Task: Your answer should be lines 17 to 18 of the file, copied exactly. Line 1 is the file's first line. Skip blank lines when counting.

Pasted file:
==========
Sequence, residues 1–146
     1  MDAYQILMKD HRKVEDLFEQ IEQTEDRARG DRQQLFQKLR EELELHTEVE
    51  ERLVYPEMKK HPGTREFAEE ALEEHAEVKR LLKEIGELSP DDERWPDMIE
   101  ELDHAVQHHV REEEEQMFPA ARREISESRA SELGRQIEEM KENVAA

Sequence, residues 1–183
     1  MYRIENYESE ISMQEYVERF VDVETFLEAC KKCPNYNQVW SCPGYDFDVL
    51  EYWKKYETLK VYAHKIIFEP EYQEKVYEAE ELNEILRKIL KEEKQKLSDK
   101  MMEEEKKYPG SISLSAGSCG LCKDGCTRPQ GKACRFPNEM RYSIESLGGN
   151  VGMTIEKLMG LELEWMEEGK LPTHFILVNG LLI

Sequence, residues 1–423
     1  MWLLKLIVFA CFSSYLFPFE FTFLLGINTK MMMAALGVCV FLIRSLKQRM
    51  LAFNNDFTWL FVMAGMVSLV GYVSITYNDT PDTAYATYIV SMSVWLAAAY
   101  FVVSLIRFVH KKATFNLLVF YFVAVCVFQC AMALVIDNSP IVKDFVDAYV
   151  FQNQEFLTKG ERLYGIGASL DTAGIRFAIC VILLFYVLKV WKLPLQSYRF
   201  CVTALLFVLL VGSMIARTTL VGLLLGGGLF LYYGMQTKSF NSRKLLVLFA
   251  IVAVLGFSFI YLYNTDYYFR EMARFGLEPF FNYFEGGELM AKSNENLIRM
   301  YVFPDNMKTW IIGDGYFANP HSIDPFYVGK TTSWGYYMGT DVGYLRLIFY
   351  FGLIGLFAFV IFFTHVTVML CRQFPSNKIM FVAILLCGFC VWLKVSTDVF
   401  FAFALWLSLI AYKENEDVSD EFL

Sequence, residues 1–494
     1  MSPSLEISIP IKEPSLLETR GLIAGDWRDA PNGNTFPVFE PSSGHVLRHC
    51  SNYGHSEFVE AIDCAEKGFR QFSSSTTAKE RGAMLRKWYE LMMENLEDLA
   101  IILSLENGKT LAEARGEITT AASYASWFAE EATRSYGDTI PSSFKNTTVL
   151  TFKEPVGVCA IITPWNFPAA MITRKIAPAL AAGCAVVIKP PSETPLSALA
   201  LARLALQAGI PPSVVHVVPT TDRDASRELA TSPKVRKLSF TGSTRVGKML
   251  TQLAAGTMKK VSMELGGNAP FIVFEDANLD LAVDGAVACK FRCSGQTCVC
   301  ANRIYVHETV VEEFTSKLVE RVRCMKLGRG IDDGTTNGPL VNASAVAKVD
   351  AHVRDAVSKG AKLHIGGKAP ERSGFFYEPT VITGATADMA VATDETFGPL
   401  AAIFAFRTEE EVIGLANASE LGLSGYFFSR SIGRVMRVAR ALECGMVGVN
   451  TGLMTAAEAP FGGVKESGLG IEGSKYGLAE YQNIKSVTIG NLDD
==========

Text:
   301  YVFPDNMKTW IIGDGYFANP HSIDPFYVGK TTSWGYYMGT DVGYLRLIFY
   351  FGLIGLFAFV IFFTHVTVML CRQFPSNKIM FVAILLCGFC VWLKVSTDVF